New Kenyan Gambling Tax Could Be Scrapped

new Kenyan gambling tax

Companies running gambling operations in Kenya could struggle if a new law, that became effective in the New Year is not amended. The law, which increased taxes and aims to combat problem gambling in Kenya is now under review and a new amendment bill will, if passed, return gambling taxes to their previous rates.

A new controversial Kenyan gambling law introduced at the start of this year could be scrapped. Growing pressure from businesses providing gambling in Kenya could force the government to backtrack on its new Kenyan gambling tax, reducing gambling tax it to its previous rate.

Kenyan National Assembly Majority leader Aden Duale submitted a tax laws amendment Bill last week which would lower the countries current 35% tax rate on gambling to a lower more moderate level. The Bill would also add several amendments to Kenyan gambling law including a tax on gambling winnings.

Kenyan Gambling Tax

The amendment bill came after Kenya’s president Uhru Kenyatta approved the law which became effective on January 1st 2018. The law increased taxes for bookmakers who paid 7.5%, casinos, which paid 12% and lotteries, which paid 15% to a flat rate of 35%. Businesses running gambling operations also pay a 30% corporate tax and are required to donate 25% of their profit to charity.

Betting companies strike back against the Kenyan gambling law

Betting companies were quick to take action against the law, publicly criticizing it and even ceasing funding in sports. Many companies are threading to stop services in Kenya. The National lottery recently went bankrupt and the business owners were quick to blame the tax law. “Operating any lottery under this framework is not possible and therefore business operations are forced to close” a spokesperson from Bradley LTD, the company that ran the lottery, was quoted saying.

The law could be an advantage for larger gambling firms

The law is most likely to affect smaller gambling businesses, which would be forced to operate at higher costs with an increased risk of folding. Larger businesses, which operate internationally, would be less affected as they derive most of their profits outside of Kenya.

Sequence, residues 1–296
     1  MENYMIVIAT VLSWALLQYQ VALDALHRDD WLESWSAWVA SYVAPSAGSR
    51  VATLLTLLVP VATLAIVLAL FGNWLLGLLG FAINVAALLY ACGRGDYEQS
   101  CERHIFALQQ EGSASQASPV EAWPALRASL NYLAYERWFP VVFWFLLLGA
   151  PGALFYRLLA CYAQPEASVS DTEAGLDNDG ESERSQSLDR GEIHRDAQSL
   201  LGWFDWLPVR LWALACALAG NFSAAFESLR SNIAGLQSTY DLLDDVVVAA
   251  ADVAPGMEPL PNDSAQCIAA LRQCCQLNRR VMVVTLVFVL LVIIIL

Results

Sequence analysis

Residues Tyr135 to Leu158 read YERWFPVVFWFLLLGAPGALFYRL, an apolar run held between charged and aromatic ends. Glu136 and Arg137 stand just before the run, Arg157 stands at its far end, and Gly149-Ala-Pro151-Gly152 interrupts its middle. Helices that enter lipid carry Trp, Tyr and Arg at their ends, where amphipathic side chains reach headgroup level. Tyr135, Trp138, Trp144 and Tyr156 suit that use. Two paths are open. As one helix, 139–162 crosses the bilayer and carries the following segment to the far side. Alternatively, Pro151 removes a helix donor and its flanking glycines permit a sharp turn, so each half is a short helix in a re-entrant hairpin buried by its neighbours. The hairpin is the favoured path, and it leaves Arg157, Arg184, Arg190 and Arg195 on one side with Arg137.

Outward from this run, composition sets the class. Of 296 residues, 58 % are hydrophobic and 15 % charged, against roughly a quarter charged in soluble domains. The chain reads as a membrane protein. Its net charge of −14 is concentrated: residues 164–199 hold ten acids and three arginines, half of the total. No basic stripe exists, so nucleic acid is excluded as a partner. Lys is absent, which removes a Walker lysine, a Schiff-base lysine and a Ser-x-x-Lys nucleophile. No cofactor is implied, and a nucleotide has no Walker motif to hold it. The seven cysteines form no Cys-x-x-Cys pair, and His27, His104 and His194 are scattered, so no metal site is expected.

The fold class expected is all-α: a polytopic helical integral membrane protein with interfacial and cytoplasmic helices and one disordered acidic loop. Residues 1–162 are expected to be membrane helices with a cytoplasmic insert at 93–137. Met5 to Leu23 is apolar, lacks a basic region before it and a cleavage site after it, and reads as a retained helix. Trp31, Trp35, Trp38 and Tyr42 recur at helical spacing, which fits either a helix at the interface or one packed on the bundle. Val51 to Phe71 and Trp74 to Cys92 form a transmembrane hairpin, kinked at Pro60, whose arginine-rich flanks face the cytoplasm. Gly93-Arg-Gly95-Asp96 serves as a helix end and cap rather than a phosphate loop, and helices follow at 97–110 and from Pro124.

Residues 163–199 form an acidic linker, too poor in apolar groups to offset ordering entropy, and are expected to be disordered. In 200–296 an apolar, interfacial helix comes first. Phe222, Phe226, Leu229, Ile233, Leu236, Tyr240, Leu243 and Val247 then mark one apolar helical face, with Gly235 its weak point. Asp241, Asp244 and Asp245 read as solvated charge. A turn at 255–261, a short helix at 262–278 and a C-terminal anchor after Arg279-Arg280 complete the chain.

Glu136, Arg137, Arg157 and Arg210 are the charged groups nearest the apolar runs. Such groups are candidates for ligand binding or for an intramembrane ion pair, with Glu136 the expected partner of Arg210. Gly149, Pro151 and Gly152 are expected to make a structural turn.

Sports in Kenya could suffer

SportsPesa is one company that has already terminated sports sponsorship and teams from Kenya’s domestic football and rugby union, the boxing association of Kenya and the national rugby teams are expected to suffer. The Kenyan government has promised to create a sports funding program to mitigate this loss, with money coming from the taxes collected from gambling operations.

Taxing to stop young people gambling

With the rise of smartphones and even SMS betting services the accessibility and popularity of online sportsbook sites in Kenya is increasing, epically among the youth. With 76% of young Kenyans admitting to having tried online gambling at least once, the Kenyan government believes that the risk of problem gambling among the youth is on the rise.

The Kenyan government have argued that problem gambling is the main reason for the tax hike, which they rate as dangerous to youths as drinking alcohol or smoking. Kenya has the highest population of young gamblers in east Africa and the tax is meant to combat this. It is yet to be know if the tax is effective at controlling problem gambling but with such strong opposition, it may not get the chance.

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